Following the murder of George Floyd, many people have been left realising how little they know about race issues.

As well as donating to organisations like these or joining peaceful protests, it’s important that you understand what you’re fighting for. As a non-Black person, it can be easy to fall into the trap of thinking, ‘What if I say the wrong thing?’ or ‘How can I really make a difference?’ – but that’s why it’s so important to take the time to educate yourself.

Remember, it’s not the job of Black people to teach you how to be anti-racist, so a great way of learning is to read; there are plenty of articles online, and many Instagram accounts you can follow which offer great advice and educational content.

Another way to educate yourself (particularly if you’re still not sure why we need to say ‘Black Lives Matter’) is to pick up a book about racism or Black experiences. Keep an open mind and be willing to change your worldview, without becoming defensive if you read something that goes against what you’ve been taught.

Many of the following books are currently unavailable to purchase in print as demand is high right now, but you can still find them as an eBook, as an audio book or on reseller websites. Even better, share a copy among your circle of friends/family.

Why I’m No Longer Talking to White People About Race by Reni Eddo-Lodge
An expansion of her illuminating 2014 blog post of the same name, this best-selling book from award-winning journalist Reni Eddo-Lodge is a deep dive into the “more insidious kind of prejudice” that exists in everyday society alongside far-right violence, with a focus on race relations in Britain.

How To Be An Antiracist by Ibram X. Kendi
This New York Times bestseller from Ibram X. Kendi, the founding director of the Antiracism Research and Policy Center, calls on the reader to go beyond ‘not being racist’ and become antiracist. He tackles the myth of a post-racial society and explains what racism is, where to spot it and what we can do about it.

White Fragility by Robin DiAngelo
In her book White Fragility – a term referring to the anger, fear, guilt, denial and silence of white people when it’s pointed out that something they’ve said is unintentionally offensive or racist – Robin DiAngelo attempts to answer the question, ‘Why is it so hard for white people to talk about racism?’

So You Want To Talk About Race by Ijeoma Oluo
Author and journalist Ijeoma Oluo tackles a number of racial issues plaguing America (many of which are applicable to other countries) and answers the questions many white people want to ask – such as “what is cultural appropriation?” and ‘what if I talk about race wrong?” and “why can’t I say the ’N’ word?” – in an accessible and straightforward way.

Me And White Supremacy by Layla F. Saad
Following her viral #MeAndWhiteSupremacy challenge on Instagram – which called on white people to own up to and share their racist behaviours – Layla F. Saad created this invaluable workbook to teach readers how to dismantle their privilege, stop inflicting damage on people of colour, and help other white people do better.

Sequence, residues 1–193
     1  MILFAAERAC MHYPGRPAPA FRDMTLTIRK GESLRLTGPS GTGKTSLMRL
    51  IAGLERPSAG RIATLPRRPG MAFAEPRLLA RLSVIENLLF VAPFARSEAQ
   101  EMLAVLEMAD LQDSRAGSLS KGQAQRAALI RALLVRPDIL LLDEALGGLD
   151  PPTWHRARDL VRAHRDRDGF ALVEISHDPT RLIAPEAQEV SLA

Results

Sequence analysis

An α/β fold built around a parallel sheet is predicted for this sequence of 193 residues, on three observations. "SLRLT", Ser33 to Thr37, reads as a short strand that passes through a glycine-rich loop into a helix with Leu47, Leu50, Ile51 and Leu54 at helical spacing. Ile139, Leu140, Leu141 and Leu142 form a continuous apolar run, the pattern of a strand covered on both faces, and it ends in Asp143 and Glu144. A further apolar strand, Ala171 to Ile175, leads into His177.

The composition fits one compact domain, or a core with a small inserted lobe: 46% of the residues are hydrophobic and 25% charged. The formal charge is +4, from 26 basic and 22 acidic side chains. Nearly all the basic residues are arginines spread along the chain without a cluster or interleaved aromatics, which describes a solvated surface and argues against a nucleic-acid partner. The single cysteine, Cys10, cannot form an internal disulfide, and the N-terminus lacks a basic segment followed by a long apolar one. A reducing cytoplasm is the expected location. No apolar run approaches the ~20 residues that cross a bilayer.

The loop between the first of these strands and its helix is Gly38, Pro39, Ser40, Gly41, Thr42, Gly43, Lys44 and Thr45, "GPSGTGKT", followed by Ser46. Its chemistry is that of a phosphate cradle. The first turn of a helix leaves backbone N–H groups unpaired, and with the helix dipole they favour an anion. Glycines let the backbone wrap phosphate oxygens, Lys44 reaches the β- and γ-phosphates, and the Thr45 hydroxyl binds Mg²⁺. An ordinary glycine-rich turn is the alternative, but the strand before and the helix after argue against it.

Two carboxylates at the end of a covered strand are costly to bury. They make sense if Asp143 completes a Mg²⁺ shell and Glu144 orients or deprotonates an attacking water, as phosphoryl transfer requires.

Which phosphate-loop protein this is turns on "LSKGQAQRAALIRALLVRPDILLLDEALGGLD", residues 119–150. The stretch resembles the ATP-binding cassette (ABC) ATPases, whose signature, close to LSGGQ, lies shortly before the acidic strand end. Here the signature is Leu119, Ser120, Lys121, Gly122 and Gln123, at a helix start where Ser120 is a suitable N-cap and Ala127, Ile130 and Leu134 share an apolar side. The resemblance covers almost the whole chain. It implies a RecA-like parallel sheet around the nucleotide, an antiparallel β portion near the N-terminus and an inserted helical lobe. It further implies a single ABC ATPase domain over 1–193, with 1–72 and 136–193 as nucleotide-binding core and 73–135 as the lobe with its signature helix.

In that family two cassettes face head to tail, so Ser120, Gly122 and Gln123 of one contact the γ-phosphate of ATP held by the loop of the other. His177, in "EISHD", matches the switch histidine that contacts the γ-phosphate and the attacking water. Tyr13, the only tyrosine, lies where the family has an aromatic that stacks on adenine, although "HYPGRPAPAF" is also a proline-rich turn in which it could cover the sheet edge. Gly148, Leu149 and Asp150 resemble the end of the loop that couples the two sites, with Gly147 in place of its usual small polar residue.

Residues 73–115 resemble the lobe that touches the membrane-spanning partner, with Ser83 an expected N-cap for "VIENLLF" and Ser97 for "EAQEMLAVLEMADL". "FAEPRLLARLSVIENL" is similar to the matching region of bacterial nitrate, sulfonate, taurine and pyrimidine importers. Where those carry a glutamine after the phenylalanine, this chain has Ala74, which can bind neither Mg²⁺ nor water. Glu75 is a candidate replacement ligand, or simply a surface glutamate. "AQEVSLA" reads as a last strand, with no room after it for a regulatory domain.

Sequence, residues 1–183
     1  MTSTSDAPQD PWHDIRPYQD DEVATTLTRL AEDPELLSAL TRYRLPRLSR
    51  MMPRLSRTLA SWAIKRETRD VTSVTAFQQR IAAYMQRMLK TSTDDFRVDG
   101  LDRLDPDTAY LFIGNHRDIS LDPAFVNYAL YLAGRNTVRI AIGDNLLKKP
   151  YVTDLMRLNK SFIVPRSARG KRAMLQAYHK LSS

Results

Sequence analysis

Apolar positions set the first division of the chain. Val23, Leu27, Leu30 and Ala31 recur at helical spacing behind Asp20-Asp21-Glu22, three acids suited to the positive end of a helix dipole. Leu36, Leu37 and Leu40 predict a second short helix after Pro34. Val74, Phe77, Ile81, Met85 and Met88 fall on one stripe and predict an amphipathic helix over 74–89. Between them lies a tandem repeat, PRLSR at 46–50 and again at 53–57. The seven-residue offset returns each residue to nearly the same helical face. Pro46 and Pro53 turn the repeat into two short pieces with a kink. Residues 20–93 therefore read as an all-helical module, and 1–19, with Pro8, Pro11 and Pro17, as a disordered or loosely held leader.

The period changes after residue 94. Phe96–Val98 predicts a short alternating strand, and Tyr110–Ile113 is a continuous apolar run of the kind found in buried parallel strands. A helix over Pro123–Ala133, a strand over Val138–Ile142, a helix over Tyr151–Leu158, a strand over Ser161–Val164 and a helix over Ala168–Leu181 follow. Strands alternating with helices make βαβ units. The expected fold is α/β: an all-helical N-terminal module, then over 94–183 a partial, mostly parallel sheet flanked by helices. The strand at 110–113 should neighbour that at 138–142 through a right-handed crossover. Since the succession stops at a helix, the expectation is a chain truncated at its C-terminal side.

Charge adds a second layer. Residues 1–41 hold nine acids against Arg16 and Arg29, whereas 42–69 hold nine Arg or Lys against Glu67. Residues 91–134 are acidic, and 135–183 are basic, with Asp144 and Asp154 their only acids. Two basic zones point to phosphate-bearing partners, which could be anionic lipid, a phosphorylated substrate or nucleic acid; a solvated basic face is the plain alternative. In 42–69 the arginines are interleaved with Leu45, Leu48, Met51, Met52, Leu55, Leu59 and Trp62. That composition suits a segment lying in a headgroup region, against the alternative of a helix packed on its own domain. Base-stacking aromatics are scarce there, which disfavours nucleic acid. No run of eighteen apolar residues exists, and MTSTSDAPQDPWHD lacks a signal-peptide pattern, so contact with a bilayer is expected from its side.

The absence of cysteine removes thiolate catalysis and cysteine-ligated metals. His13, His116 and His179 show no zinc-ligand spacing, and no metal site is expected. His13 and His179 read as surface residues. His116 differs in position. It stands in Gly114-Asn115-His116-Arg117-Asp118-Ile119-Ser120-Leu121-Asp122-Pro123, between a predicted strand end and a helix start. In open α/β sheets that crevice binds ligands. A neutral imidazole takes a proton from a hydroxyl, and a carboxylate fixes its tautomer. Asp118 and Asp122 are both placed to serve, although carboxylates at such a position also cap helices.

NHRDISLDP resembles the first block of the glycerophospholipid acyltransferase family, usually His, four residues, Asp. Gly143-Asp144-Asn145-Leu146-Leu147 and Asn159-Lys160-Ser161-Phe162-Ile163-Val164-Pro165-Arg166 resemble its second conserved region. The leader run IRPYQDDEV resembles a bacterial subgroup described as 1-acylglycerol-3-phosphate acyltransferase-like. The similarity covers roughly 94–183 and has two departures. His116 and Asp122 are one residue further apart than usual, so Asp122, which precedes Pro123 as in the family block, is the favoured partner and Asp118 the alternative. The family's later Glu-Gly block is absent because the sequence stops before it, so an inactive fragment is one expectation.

Between The World And Me by Ta-Nehisi Coates
In an attempt to answer questions about race in America, author Ta-Nehisi Coates wrote a letter to his 14-year-old son about what it’s like to live as a Black person in the so-called ‘land of the free’, and how the country can challenge its fraught racial history, told through personal experiences and emotionally-charged writing.

They Can’t Kill Us All: The Story Of The Struggle For Black Lives by Wesley Lowery
Coinciding with the end of Obama’s tenure as president and in direct response to the murder of Michael Brown, journalist Wesley Lowery released his exploration into the birth of the Black Lives Matter movement, featuring hundreds of interviews with the families of victims of police brutality and local activists to examine the effects of racially-biased policing in America.

When They Call You A Terrorist: A Black Lives Matter Memoir by Patrisse Khan-Cullors and Asha Bandele
From one of the co-founders of Black Lives Matter, this memoir tells the story of how the movement came to be, and acts as a reminder that protests like the ones happening right now come from love and a need to live freely, despite being labelled a threat to America by those in power and right-wing conservatives.

The Good Immigrant: 21 Writers Explore What it Means to be Black, Asian, and Minority Ethnic in Britain Today edited by Nikesh Shukla
Compiled by award-winning writer Nikesh Shukla, this book brings together 21 emerging Black, Asian and minority ethnic writers, poets, journalists and artists to share poignant and timely essays about race and immigration, and what it means to be seen as ’other’ in your country – in this case, Britain.

Freedom Is A Constant Struggle: Ferguson, Palestine, and the Foundations of a Movement by Angela Davis
Activist, teacher, author and Black Power movement icon Angela Davis examines the importance of black feminism, intersectionality and prison abolitionism in this collection of essays, interviews and speeches that discuss the legacies of previous liberation struggles and connects them to today’s fights for freedom.